The aforementioned price optimization building blocks can set initial, promotional, and markdown plans while factoring in demand, consumer demographics, cross-product relationships, and convenience sales. Sure, it’s also critical that pricing decisions are not made in a competitive vacuum. By leveraging competitive pricing intelligence these companies have the opportunity to improve the price optimization decision-making process and to drive more effective revenue generation.
Once the areas of initial, promotional, and markdown prices have been addressed, they form a solid foundation for effective lifecycle pricing. Namely, the next step is to integrate price determination with promotional planning and advertising execution strategies to create streamlined workflows within the retail organization.
JDA Software refers to this next evolutionary step as lifecycle pricing, which plays an essential role in creating a valuable customer-centric retail environment. A united planning and execution platform – from accurate price management to advertising and promotional planning – can easily adjust to shifting customer demand and challenging economic conditions.
Most retailers agree that customer-centricity is a top priority to achieving success and competitive differentiation in today’s crowded marketplace. One key component of a customer-centric experience is to successfully implement lifecycle pricing. Along with well-defined pricing strategies, these lifecycle pricing initiatives provide retailers the opportunity to streamline workflows, customize promotional strategies and deliver a consistent price message to their customers.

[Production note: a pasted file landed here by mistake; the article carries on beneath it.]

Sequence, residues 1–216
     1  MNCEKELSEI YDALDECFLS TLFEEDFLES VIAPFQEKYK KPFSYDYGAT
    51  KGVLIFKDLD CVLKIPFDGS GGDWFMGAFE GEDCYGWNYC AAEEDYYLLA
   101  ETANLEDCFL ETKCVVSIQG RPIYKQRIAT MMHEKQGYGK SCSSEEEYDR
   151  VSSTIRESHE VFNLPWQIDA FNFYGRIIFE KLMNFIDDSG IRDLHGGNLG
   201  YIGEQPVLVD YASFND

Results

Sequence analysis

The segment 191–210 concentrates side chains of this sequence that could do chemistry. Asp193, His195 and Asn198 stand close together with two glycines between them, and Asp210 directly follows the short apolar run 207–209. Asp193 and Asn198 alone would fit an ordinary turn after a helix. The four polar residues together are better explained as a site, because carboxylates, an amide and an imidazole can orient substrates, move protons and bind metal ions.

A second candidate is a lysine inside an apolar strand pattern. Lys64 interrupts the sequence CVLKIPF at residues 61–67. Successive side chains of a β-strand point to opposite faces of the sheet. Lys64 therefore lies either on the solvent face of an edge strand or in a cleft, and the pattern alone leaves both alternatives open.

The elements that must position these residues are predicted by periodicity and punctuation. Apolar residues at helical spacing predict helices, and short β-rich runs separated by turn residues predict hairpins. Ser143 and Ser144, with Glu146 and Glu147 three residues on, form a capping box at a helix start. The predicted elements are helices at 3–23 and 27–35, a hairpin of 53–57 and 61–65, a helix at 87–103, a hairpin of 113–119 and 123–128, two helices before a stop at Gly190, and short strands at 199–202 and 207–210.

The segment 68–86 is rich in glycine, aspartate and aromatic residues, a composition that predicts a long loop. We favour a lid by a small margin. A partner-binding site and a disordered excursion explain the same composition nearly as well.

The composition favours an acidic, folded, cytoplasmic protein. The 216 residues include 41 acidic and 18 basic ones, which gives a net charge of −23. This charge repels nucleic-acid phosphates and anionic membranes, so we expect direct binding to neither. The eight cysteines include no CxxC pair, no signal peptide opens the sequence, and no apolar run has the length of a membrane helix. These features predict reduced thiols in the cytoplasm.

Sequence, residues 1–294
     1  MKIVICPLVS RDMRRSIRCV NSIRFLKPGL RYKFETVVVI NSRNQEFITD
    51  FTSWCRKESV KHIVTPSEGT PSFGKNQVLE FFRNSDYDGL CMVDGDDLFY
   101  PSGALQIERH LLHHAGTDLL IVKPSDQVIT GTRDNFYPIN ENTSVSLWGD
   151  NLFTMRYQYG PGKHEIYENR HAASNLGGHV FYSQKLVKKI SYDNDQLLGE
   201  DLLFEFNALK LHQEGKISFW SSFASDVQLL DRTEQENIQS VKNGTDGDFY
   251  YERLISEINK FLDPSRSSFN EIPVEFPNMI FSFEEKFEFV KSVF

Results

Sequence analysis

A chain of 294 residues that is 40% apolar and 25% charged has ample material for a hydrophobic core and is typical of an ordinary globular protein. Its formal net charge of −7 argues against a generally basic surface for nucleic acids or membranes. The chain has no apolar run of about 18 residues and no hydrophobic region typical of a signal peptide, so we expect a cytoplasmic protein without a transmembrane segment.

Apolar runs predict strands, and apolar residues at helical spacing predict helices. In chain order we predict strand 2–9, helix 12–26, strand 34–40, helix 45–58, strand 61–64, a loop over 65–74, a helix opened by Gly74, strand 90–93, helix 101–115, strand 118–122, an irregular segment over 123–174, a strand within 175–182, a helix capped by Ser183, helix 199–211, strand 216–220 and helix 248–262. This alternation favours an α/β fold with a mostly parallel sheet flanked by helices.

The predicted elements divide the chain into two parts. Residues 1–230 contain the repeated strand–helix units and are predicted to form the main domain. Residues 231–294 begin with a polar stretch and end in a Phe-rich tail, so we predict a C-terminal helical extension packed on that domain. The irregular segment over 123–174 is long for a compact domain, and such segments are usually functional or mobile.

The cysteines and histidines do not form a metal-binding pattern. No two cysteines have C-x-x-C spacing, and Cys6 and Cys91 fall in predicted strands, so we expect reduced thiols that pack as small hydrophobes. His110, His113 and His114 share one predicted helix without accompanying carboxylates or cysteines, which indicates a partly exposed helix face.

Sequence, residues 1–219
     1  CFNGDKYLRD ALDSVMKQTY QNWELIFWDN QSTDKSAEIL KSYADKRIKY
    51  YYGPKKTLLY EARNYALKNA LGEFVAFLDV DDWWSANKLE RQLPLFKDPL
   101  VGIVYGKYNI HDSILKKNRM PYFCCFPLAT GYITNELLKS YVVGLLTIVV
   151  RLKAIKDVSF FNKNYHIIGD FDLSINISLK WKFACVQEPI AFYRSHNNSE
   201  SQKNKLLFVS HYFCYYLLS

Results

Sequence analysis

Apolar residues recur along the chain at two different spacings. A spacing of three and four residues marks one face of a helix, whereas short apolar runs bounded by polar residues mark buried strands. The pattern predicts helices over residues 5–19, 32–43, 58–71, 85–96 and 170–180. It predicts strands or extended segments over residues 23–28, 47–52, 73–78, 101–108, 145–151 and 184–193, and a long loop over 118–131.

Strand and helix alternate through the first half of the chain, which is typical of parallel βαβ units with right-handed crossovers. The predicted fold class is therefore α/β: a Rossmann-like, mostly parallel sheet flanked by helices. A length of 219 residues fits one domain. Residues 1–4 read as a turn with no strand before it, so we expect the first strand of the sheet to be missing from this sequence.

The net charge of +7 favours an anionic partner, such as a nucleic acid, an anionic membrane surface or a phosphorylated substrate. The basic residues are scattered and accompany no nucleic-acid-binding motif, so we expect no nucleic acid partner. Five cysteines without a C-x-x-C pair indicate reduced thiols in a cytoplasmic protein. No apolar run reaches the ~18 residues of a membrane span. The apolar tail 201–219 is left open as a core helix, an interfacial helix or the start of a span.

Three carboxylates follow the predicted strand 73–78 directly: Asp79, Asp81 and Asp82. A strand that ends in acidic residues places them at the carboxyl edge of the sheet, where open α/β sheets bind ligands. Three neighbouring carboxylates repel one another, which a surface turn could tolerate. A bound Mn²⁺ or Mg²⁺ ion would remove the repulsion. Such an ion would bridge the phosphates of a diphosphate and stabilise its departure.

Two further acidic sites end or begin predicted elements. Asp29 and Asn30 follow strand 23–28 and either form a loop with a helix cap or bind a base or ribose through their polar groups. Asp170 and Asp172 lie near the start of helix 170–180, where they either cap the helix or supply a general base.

As a result, retailers can improve customer satisfaction and, ultimately, revenue generation even in tough times. They’re also gaining new insights into how customers shop and respond to pricing, which enables them to align inventory levels with baseline and promotional demand.
Explaining the Pricing “Rocket Science” (Sort Of)
Most advanced science-based lifecycle pricing software applies advanced statistical analytics in several areas. For example, DemandTec’s Consumer Demand Management (CDM) software suite is available in versions tailored to the needs of retailers and consumer packaged goods (CPG) manufacturers. The vendor’s applications, which include tools for managing pricing, promotions, and markdowns, leverage the following sophisticated statistical analytics methods:
Part 4 will continue the blog post series by analyzing the pricing optimization vendor landscape and various vendor approaches to the next generation of pricing optimization solutions. Your views, comments, opinions, etc. about any above-mentioned pricing solution and about the software category per se are welcome in the meantime. We would also be interested in hearing about your experiences with this nascent software category (if you are an existing user) or your general interest in evaluating these solutions as prospective customers.